London’s East End in the 1950s was a harsh place to live. The long-term effects of poverty, unemployment, overcrowding, and substandard public housing factored into the misery, not to mention the intense bombing the area experienced during World War II. Into this world stepped Jennifer Lee, a young nurse trained as a midwife. She later wrote about her experiences under her married name, Jennifer Worth, in a trio of memoirs.
“Call the Midwife” is a BBC-produced television series based on her memories. In the first season, we get to know Jenny’s coworkers—the young midwives who stay at the Nonnatus House convent as well as the nuns who work as nurses. The young women are learning about themselves and their new world as they live in the convent and continue to lead typical social lives. The nuns are generally portrayed as compassionate, hard-working women who handle their neighbors’ needs with grace.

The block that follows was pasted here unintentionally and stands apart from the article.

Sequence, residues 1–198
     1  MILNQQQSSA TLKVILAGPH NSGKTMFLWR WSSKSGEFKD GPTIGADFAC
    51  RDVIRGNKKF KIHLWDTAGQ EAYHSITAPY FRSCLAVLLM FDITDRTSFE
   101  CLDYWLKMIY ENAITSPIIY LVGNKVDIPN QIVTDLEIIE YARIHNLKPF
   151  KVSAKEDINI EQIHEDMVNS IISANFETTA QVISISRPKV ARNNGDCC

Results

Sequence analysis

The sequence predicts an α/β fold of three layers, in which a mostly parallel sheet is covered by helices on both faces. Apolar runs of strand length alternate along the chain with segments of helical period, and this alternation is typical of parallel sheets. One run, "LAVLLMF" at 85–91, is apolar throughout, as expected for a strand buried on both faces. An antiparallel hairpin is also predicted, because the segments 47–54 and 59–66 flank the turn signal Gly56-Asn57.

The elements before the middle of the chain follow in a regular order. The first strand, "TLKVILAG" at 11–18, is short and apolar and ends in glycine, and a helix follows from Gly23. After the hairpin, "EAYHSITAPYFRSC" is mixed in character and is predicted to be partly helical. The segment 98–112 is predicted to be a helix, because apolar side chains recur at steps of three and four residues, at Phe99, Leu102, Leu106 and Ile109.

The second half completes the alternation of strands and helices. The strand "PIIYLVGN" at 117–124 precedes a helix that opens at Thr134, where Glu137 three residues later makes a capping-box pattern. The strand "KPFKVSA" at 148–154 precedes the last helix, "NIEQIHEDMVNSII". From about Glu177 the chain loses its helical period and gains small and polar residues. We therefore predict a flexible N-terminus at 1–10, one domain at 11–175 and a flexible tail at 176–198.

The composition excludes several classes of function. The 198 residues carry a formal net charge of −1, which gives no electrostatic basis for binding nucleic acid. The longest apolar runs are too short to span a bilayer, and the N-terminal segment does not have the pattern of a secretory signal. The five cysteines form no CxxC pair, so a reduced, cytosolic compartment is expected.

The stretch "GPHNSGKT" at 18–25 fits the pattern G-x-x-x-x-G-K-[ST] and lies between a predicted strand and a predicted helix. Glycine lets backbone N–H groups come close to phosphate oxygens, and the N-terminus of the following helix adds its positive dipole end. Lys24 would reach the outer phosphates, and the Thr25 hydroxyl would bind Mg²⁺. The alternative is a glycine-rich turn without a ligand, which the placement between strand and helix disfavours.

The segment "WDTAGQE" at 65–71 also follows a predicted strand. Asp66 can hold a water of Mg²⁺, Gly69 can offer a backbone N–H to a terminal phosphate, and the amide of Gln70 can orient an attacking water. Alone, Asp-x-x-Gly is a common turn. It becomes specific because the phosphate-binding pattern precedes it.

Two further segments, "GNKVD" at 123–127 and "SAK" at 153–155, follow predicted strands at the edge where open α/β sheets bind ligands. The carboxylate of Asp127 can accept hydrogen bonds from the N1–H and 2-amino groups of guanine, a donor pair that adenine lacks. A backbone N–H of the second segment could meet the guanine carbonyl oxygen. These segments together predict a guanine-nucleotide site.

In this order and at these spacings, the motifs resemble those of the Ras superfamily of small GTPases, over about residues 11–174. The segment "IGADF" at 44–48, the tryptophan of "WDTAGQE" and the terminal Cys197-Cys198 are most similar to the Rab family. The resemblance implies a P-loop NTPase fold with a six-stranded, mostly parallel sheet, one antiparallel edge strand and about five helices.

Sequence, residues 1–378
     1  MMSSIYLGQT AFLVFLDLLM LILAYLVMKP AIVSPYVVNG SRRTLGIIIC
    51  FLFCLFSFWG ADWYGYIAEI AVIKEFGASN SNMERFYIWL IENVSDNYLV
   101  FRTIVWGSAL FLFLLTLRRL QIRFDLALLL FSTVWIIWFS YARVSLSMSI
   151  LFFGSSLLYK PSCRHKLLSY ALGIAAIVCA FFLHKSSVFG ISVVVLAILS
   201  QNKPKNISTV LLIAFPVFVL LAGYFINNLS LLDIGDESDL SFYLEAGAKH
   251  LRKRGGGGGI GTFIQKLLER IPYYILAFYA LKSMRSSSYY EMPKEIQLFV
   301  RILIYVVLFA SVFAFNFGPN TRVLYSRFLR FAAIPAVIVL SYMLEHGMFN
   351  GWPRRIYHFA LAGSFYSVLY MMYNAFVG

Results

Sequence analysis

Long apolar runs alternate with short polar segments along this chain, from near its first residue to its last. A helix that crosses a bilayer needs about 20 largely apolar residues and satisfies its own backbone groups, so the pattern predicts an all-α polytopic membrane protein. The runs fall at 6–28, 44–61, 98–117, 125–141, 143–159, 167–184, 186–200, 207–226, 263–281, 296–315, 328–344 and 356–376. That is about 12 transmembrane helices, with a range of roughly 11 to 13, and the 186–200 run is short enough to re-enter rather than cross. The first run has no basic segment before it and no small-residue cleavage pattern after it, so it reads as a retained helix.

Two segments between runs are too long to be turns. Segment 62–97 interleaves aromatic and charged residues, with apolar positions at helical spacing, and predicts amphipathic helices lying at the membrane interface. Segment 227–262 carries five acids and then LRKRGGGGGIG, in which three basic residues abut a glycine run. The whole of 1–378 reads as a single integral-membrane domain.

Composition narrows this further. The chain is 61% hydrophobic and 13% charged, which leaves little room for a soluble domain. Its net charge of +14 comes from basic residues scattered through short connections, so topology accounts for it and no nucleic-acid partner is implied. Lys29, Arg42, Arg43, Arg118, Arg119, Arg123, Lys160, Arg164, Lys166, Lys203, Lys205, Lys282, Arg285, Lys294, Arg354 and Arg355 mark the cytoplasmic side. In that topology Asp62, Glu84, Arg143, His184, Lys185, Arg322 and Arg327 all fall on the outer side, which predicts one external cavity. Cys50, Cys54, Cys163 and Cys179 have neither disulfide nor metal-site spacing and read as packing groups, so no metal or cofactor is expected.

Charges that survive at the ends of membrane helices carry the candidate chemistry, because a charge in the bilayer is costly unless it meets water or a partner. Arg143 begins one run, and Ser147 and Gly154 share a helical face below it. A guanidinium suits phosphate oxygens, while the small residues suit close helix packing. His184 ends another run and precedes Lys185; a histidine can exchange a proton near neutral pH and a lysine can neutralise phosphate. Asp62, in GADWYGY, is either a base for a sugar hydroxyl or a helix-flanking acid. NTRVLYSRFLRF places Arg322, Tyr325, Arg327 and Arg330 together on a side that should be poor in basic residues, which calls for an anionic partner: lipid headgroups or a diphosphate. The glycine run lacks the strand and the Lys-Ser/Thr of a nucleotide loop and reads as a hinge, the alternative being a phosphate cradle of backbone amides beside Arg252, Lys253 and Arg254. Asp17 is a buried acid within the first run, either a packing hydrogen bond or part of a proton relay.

The series immerses viewers in the lives of well-written characters in great period sets, costumes, and situations. It’s not for the squeamish, however; the show does not shy away from the actual work of midwifery or from the sad results of lives lived in poverty. The society portrayed in “Call the Midwife” is the antithesis of the rarified air breathed by the characters of “Downton Abbey.”
Jenny and her friends return to PBS on March 31 for the second season, which has just finished airing in the United Kingdom. The first season (6 episodes) is available on DVD and streams on Netflix.